my urban homestead

I am a new blogger here at 1000 new gardens, so I thought, rather then just diving in, I would start with an introduction.  I am a longtime Missoulian, first time veggie gardener.  Over the winter we moved out of our old house, which I think can boast the shadiest yard in Missoula (good for cooling your house, bad for gardening) into our new digs with a nice, sunny south facing yard.  I knew that I needed to garden.  I have been interested in local food for a few years, but since the birth of my first bean, I have felt more of an urgency to find good, healthy food that is easy on the environment.  Also, coming from a rural background, I really want my kids to grow up knowing where food comes from and how it gets to our hungry little mouths.

So, back at the end of April, my mom came to town for a few days and we worked from dawn til dusk building raised beds, a chicken coop and compost bins.  Most of our neighbors are older retirees, who watched with interest to see what those “kids” were up to.  There was much discussion about avoiding roosters and stories about the various livestock and wildlife that has graced the neighborhood over the years, including horses, goats, sheep, homing pigeons and a myriad of deer, birds and rabbits as well.  We also heard about the young couple down the street who bought their chickens off ebay. Who lives in Montana and buys chickens off ebay?

the coop and raised beds

the coop and raised beds

A week later I planted my cold weather crops in the fading sunset after putting the baby to bed.  I planted peas, lettuce, carrots, spinach, onions, beets and turnips.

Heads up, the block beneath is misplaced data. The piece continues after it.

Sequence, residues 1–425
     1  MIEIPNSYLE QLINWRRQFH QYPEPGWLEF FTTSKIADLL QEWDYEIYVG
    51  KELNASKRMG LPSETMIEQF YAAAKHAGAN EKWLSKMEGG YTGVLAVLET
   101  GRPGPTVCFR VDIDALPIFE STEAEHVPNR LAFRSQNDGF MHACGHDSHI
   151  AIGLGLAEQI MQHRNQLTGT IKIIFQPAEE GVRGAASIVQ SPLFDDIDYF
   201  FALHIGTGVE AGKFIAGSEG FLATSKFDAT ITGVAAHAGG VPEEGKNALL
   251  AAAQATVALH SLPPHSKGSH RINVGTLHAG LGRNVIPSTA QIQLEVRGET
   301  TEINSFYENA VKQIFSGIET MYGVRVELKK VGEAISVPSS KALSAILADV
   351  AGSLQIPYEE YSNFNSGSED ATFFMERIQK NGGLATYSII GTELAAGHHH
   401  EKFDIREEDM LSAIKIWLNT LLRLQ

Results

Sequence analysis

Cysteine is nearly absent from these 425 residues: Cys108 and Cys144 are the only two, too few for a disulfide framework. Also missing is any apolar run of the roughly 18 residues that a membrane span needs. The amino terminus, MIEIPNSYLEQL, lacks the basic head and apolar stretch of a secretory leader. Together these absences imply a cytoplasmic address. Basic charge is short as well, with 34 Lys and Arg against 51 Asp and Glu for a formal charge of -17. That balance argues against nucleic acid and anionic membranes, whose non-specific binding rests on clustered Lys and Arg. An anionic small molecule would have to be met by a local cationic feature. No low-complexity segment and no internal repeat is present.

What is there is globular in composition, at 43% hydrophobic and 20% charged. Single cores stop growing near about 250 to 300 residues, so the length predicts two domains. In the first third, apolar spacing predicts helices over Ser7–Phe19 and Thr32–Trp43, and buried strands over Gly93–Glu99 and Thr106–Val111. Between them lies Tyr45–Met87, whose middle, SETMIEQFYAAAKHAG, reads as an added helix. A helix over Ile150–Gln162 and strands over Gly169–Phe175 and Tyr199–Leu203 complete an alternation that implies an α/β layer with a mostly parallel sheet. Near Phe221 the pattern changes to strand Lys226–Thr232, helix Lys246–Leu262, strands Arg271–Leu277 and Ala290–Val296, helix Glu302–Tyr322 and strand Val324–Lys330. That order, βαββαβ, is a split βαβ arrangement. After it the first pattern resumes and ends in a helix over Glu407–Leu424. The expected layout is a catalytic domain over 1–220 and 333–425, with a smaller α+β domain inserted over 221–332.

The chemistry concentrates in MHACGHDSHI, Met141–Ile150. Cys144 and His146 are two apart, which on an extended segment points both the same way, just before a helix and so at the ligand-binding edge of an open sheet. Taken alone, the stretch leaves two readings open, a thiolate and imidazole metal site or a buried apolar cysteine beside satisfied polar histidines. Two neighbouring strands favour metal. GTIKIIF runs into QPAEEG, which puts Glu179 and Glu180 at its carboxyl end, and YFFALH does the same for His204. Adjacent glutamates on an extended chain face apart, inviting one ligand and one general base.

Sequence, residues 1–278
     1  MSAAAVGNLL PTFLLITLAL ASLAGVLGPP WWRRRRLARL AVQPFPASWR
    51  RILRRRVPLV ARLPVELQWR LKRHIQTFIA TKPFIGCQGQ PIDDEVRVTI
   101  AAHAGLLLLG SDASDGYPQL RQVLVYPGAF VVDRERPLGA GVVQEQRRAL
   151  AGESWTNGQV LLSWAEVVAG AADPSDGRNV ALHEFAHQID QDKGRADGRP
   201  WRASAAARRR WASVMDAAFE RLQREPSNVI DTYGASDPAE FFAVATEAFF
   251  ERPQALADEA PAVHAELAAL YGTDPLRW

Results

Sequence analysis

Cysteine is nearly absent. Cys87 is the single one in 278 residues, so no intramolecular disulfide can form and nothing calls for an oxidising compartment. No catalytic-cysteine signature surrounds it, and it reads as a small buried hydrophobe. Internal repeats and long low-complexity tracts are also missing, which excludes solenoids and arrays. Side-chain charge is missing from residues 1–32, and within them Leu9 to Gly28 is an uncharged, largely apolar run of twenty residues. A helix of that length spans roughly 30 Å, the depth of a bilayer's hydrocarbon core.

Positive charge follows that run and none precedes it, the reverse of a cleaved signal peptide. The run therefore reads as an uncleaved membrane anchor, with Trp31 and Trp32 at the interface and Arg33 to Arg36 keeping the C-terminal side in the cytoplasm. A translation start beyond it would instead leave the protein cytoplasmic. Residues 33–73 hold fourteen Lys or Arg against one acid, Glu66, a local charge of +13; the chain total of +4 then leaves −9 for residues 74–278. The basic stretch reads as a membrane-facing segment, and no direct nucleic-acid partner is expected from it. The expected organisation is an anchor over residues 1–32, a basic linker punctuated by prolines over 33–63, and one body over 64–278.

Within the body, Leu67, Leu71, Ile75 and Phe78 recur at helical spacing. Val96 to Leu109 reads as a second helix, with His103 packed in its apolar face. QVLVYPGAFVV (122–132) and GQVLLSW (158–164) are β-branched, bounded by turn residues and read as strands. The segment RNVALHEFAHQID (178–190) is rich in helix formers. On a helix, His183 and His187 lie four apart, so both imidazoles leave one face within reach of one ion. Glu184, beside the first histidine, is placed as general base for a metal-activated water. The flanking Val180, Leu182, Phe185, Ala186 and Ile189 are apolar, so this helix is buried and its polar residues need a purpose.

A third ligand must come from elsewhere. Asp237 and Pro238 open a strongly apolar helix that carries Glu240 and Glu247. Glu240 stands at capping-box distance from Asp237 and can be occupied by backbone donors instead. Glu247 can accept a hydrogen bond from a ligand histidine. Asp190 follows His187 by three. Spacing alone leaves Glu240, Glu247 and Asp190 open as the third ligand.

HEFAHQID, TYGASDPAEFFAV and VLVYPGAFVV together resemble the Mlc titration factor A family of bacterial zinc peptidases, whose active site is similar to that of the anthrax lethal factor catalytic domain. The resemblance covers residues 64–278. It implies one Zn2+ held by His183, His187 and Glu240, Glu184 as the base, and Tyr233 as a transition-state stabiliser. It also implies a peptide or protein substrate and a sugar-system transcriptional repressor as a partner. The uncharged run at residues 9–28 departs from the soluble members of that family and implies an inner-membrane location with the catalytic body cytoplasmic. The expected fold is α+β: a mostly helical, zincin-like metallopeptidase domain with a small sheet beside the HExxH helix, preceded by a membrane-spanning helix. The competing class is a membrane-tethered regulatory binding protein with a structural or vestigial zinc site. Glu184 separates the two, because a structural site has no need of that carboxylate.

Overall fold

A week after that I picked up four little puff balls from quality supply and built them a brooder in my basement shower with a box from cooking.com, a shop light, some pine shavings and food and water.

The next week it was raspberries and strawberries from a woman in Ronan, heirloom tomato starts from my coworker and squash starts from my neighbor.

Last week, I put in all my tomatoes, and planted beans, cauliflower, broccoli, cucumbers, more lettuce, basil, peppers, sunflowers and nasturtiums.  Some from seeds and some from starts.

my garden plan

my garden plan

Things are sprouting and growing and I’ve already learned a lot (like don’t scatter your carrots, plant rows, they are too bunchy when I scatter them and I don’t like it).  I’m excited for this project and to be a part of it.  If you would like to see more about my garden, as well as my craft and home projects, you can find me at The Hip Homemaker.

Amy

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